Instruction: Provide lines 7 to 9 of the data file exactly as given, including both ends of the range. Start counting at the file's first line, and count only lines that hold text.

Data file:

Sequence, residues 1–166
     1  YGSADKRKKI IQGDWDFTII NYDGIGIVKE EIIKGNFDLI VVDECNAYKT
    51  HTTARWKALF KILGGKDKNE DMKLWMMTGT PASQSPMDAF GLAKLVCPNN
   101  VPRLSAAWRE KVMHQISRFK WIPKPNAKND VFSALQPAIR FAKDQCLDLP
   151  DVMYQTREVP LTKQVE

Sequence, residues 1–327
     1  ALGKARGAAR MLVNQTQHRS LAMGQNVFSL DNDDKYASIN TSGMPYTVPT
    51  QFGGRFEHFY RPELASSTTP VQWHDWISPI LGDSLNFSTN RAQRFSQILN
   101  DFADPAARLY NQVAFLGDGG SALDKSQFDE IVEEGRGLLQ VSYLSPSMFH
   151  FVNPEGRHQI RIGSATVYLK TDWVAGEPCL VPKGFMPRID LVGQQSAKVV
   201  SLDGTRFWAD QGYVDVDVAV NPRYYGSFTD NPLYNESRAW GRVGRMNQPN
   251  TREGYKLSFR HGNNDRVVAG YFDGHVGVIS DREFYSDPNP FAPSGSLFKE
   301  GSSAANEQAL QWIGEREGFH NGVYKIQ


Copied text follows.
     1  ALGKARGAAR MLVNQTQHRS LAMGQNVFSL DNDDKYASIN TSGMPYTVPT
    51  QFGGRFEHFY RPELASSTTP VQWHDWISPI LGDSLNFSTN RAQRFSQILN
   101  DFADPAARLY NQVAFLGDGG SALDKSQFDE IVEEGRGLLQ VSYLSPSMFH